First, some people exclude personal belongings in their net worth statement. This is because these assets really aren’t growing in value. Instead they decrease in value over time. For example, your flat screen TV is worth less now than when you bought it. You are free to include or exclude personal belongings in your net worth statement.

Second, when adding in your car or house, make sure the total value (what it is worth) is placed in the asset section and the loan or mortgage amount is in the liability section so you get a true and accurate number here.

### #2. Income To Net Worth Ratio

Now that you know how to calculate your net worth, it is time to look at your income to net worth ratio. You will perform this calculation once a year, after you get your taxes completed. Look on your tax return at line 7. This is the income you earned from your job for the year.

Take this number and divide it by your net worth on December 31^{st}. The goal here is for the percent to grow to larger numbers each year. It shows you that you are saving your money and paying off debt. The larger your net worth grows compared to your income, the closer you get to not being tied down to a job. In other words, you could start living off your investments.

For example, let’s say you earned $50,000 and have a net worth of $200,000. Your ratio is 25%. Next year try to increase this ratio.

### #3. Investment Income To Earned Income Ratio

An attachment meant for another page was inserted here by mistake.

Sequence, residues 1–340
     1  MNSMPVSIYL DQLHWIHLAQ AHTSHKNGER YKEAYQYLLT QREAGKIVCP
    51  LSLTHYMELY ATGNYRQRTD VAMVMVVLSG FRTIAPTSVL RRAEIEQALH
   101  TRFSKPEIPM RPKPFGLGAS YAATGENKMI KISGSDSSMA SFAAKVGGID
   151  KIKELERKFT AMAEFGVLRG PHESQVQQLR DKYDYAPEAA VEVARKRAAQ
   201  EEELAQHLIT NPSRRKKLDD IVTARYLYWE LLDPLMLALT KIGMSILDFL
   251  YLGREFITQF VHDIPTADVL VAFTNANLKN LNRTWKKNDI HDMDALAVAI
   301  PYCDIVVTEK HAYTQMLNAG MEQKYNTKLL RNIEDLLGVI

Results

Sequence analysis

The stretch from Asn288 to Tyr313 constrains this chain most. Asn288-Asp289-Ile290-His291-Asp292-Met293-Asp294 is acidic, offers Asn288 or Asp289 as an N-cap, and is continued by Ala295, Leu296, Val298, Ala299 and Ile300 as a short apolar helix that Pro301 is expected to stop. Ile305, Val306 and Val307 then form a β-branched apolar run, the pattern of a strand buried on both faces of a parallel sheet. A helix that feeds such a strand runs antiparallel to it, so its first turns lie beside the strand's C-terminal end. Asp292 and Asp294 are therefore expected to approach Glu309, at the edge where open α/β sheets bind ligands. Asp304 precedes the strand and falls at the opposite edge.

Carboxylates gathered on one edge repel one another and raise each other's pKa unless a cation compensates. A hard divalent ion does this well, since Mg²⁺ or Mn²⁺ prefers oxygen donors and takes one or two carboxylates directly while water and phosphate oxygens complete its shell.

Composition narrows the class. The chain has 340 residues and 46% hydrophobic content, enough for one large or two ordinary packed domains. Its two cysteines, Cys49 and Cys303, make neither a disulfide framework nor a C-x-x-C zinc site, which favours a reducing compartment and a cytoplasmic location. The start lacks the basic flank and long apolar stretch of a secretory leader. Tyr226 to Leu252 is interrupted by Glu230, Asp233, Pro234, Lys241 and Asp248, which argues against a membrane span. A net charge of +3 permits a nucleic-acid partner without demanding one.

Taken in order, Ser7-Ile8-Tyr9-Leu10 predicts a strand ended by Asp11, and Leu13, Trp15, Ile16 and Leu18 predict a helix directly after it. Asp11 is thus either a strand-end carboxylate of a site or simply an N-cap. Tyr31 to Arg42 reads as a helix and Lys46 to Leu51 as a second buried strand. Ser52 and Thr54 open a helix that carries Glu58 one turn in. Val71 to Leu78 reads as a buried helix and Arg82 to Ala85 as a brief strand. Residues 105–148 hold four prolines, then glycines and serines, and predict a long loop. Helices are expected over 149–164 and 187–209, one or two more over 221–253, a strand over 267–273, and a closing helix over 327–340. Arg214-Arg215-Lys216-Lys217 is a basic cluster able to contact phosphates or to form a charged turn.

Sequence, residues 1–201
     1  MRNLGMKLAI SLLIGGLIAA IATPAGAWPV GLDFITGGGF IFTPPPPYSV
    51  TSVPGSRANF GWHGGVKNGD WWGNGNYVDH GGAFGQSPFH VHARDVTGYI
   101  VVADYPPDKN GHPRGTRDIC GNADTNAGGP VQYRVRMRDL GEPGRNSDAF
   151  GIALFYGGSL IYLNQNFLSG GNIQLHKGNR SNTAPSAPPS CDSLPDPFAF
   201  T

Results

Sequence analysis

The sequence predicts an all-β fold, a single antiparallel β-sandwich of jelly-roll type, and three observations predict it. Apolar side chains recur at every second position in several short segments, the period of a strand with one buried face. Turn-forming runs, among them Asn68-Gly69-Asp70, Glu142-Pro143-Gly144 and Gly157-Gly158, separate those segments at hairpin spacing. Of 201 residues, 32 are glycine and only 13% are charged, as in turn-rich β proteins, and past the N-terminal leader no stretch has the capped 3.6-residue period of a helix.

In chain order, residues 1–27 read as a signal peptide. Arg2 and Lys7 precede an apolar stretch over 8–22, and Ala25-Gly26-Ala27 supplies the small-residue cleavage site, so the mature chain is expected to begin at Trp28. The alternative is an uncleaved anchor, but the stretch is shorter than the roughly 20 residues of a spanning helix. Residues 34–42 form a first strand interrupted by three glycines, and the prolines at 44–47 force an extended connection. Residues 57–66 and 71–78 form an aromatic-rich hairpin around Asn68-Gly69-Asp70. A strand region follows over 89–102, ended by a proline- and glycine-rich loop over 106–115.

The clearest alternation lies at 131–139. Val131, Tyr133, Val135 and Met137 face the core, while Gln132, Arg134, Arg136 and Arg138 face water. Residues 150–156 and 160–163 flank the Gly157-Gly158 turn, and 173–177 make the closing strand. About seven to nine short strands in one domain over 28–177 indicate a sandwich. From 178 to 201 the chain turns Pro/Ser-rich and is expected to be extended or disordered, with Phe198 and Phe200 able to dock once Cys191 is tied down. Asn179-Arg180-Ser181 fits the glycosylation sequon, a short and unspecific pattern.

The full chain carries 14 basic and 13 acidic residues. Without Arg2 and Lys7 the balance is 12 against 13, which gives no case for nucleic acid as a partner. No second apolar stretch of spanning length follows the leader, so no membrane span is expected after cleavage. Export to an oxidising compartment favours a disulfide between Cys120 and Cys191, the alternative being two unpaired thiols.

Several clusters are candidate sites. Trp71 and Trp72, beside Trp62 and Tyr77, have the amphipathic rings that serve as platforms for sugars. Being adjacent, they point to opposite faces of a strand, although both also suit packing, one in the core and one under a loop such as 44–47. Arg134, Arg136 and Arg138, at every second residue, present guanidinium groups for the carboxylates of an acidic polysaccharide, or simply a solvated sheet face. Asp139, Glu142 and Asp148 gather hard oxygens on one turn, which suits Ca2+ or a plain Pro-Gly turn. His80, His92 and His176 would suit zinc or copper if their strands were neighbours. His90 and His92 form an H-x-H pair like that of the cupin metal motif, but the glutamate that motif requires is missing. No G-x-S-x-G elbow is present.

While the above ratio is great, some people want to try to live off of their investment income and not touch their investments at all. We can track this as well. Just pull out your tax return again and take your earned income from line 7 and your investment income from lines 8a, 8b, 9a and 9b. Then divide your earned income by your investment income.

If you earned $50,000 and had $5,000 of investment income, your ratio is at 10%. Again, make it a goal to try to increase this number each year. The more you can increase it, the more likely you will be able to live off of interest income and quit your job.

### #4. The Rule of 72

The rule of 72 is a quick calculation aimed at helping you to see how long it will take for your money to double. The math is basic here as you take the interest rate you are earning and divide it by 72. Here are a few examples:

2%: 36 years (72/2)

3%: 24 years (72/2)

5%: 14 years (72/2)

8%: 9 years (72/2)

20%: 4 years (72/2)

33%: 2 years (72/2)

What is this telling us? It shows that the amount of money you have will double in value in a certain amount of time, given a certain interest rate. Now, before you get excited dreaming about doubling your $50,000 in 2 years by earning 33%, know that you likely won’t find that kind of return without first assuming a ton of risk. In most cases, you can earn around 8% annually over the long term by investing in a diversified portfolio.